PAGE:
Every parent wants their child to be happy and healthy. A part of setting those healthy habits into place is establishing a proper, nutritious diet coupled with consistent exercise. Ballet classes for children are the perfect balance of exercise and fun, making these classes a great way to foster the healthy habits they need. 

With the focus on form, strength, and flexibility, children who take ballet classes have a keen body understanding and are cognisant of their body’s abilities. This extra awareness also gives them a deeper understanding of what their body needs which leads to them making better food choices and maintaining proper hydration. 

Ballet is the Perfect Creative Outlet 

Encouraging children to express themselves through art is another way to build their confidence and self-esteem. Art is so diverse and vast that children should have exposure to everything from painting and sculpture to writing and acting. 

Dance is a wonderful art form that is the perfect creative outlet for children. It allows children to use their entire bodies to express themselves while also growing their love and appreciation for music. 

The Earlier the Exposure to Ballet the Better

With children having the opportunity of gaining so many benefits through ballet training, it is ideal to begin ballet classes as early as possible. It is better for children to have a longer exposure to positive experiences that set great habits.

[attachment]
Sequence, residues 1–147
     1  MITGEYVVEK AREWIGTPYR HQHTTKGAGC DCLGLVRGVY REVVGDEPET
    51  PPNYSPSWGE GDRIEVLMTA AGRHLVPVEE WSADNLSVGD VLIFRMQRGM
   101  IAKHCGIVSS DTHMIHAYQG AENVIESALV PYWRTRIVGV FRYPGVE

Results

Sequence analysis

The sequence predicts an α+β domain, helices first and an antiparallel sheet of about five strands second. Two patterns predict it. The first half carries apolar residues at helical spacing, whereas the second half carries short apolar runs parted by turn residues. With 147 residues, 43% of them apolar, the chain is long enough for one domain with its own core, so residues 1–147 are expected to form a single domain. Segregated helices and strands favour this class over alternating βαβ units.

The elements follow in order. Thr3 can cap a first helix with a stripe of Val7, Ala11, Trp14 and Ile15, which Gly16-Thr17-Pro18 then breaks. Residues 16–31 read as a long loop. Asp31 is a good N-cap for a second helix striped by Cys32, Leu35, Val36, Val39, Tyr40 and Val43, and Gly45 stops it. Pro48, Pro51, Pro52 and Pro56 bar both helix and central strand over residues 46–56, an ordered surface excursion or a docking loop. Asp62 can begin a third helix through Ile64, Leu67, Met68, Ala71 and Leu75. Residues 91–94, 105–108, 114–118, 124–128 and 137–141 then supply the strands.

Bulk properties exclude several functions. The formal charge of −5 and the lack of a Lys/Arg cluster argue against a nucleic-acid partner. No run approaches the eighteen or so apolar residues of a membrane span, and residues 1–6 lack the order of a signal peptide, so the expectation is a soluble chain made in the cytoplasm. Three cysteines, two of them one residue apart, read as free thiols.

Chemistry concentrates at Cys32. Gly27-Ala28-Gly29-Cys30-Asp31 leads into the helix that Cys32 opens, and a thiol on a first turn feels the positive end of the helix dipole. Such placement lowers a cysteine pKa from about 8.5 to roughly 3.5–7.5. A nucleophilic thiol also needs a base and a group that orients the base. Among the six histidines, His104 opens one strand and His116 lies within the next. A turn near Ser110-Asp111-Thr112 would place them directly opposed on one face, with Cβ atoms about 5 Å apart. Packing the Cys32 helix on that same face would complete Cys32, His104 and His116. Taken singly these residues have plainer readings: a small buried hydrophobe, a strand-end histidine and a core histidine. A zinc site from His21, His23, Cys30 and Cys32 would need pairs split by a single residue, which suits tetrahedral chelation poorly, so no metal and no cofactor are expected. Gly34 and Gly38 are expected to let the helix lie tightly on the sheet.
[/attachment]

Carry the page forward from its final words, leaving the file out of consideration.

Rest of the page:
As children develop, both emotionally and physically, the structure, discipline, and healthy practices will benefit a child through every stage of their development. While there is never a wrong age to get your child started in ballet, early exposure is ideal. 

Useful Resources

For additional information about the positive benefits for early ballet exposure for children, check out:

https://www.sportsrec.com/5689988/the-benefits-of-dance-for-kids

https://danceteachingideas.com/the-surprising-physical-benefits-of-dance-in-early-childhood-education/

Further Reading on the website

About the Author

Samantha Bellerose

Samantha is a wife and mother of four kids aged 3-11. She danced and acted from the age of 5 and performed in film clips, on television, and in musical theatre professionally. She also taught dance, but after leaving the profession to backpack through Europe, Canada and the USA with her husband for three years, she then completed an Education Degree and taught within primary schools in Australia. Today she is a business owner with her husband and the creator and writer for Dance Parent 101 where she hopes her previous experience as a dancer, current experience as a dance parent and the research and writing skills she gained completing her education degree will help enlighten parents on their journey with their child through the world of dance.